DATE2023.12.12 #News

Amorphophallus titanum blooms for the first time in 13 years

Disclaimer: machine translated by DeepL which may contain errors.

On the evening of December 7, 2023, at the Koishikawa Botanical Garden, a facility affiliated with the Graduate School of Science, the world's largest inflorescence of the Amorphophallus titanum bloomed for the first time in 13 years.

The Amorphophallus titanum is endemic to Sumatra, Indonesia, and this was the third bloom at Koishikawa Botanical Garden, following the first blooms in 1991 (the first in Japan) and 2010. In a normal year, the Amorphophallus titanum produces one huge leaf above the ground to photosynthesize and store nutrients in its underground tuber (potato). Flowering does not occur in cycles, and when the corms grow large enough over several years, a huge inflorescence emerges one year. The inflorescence this time was 215.5 cm tall, and the diameter of the reddish-purple bracts, which spread like petals, was 110 cm, more than 50 cm taller than the plant that flowered in 2010. Although the botanical garden staff confirmed the blooming on the morning of December 8, the time-lapse camera recordings showed that the bracts began to open around 7:00 p.m. on December 7. The famous "rotten fish smell" is strongest at night, and this smell lures pollinating insects. Towering at the center of the inflorescence is the stem end, called the appendage (the flower is inside the lower part of the appendage, covered by a flame bract), which generates heat and carries the odor farther. The world of plants is a mystery as to why it was necessary to develop such a large inflorescence in order to allow insects to carry pollen.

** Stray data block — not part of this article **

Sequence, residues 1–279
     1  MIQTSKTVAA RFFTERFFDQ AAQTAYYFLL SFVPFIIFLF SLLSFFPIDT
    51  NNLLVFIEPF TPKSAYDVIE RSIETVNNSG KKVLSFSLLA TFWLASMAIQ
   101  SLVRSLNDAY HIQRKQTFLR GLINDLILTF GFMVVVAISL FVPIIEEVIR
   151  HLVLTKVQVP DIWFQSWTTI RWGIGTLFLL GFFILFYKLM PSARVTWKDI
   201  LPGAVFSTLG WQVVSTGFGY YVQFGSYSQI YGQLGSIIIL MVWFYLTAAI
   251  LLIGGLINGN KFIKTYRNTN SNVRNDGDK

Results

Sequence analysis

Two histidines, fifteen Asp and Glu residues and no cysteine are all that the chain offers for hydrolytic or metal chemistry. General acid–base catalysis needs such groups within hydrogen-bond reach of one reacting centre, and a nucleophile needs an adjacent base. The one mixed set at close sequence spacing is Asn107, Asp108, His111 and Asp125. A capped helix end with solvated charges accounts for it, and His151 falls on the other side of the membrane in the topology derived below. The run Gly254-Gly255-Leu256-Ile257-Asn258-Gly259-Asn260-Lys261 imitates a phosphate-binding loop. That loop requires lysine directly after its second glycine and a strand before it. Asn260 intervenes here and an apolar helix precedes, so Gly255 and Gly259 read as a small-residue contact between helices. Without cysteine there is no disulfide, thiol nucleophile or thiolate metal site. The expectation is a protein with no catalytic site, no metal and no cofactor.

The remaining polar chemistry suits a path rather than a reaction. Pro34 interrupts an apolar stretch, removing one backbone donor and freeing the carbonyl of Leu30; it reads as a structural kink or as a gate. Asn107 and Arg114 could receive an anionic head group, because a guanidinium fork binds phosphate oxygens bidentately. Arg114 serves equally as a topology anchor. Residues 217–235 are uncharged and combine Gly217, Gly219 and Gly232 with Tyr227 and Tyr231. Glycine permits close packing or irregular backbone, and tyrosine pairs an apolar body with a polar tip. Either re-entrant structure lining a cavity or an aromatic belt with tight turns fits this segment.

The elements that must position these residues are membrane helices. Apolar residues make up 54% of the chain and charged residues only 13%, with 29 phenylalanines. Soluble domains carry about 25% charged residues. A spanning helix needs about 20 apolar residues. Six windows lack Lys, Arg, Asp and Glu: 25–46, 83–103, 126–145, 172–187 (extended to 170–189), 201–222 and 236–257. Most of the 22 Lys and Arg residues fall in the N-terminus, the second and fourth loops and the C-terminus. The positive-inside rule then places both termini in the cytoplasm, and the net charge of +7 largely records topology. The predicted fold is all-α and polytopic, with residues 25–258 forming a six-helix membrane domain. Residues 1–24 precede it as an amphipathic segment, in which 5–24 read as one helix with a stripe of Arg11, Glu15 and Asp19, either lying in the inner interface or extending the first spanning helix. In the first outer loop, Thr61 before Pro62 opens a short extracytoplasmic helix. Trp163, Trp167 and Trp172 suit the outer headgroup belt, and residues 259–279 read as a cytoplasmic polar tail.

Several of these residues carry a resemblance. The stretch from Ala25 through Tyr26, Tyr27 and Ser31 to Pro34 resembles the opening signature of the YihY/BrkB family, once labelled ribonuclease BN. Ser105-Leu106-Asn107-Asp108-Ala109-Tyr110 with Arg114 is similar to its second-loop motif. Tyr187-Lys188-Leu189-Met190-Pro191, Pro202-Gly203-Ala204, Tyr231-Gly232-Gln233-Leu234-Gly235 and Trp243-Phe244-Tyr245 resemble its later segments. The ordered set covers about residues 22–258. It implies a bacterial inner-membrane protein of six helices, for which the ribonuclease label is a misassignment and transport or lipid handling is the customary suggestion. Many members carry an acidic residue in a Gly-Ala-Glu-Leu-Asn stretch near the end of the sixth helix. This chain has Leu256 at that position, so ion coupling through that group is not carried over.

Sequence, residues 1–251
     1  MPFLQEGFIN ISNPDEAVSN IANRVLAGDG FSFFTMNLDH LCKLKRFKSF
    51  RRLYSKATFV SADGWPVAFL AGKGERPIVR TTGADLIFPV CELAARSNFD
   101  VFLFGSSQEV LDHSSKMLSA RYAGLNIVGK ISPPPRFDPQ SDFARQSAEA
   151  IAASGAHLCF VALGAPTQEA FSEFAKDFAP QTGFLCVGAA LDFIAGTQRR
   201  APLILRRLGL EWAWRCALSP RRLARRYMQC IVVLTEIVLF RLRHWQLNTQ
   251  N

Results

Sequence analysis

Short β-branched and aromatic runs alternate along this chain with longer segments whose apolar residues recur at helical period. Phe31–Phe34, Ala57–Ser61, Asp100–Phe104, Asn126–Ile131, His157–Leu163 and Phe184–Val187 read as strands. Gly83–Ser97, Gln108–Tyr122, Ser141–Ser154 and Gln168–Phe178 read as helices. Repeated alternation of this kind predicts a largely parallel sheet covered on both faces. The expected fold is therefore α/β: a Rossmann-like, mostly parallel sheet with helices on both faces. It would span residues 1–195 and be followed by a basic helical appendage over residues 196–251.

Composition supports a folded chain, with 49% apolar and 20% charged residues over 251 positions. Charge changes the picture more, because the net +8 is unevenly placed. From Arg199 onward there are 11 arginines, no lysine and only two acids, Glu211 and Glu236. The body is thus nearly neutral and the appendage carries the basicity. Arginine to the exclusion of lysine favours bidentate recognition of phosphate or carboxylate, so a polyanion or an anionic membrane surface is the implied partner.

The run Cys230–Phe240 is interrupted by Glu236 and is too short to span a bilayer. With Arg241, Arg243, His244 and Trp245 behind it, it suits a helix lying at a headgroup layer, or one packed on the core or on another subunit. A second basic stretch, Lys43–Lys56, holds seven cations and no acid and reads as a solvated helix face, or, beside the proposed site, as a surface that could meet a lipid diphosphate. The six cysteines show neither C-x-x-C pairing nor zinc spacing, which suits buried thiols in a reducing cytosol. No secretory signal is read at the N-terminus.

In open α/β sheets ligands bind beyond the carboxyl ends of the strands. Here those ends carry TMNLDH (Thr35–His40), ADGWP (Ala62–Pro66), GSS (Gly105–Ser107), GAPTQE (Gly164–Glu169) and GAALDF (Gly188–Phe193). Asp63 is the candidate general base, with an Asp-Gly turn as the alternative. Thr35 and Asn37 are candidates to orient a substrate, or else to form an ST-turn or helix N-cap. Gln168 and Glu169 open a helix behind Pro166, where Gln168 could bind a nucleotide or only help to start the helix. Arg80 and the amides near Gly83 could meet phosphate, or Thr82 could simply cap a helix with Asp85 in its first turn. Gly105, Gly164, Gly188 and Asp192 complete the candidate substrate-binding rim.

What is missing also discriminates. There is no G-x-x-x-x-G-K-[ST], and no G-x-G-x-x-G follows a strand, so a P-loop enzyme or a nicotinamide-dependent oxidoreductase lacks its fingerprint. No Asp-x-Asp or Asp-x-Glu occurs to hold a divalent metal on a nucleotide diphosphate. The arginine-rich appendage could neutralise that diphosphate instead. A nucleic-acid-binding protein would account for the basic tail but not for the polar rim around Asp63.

From December 8 to 10, the day after the blooming, the greenhouse was open for a special open-house period with extended hours, and more than 10,000 visitors came to see the powerful deformities.

On the morning of Dec. 8
Amorphophallus titanum
(Photo by Jin Murata)


(Written by Atsushi Kawakita, Professor, Botanical Gardens)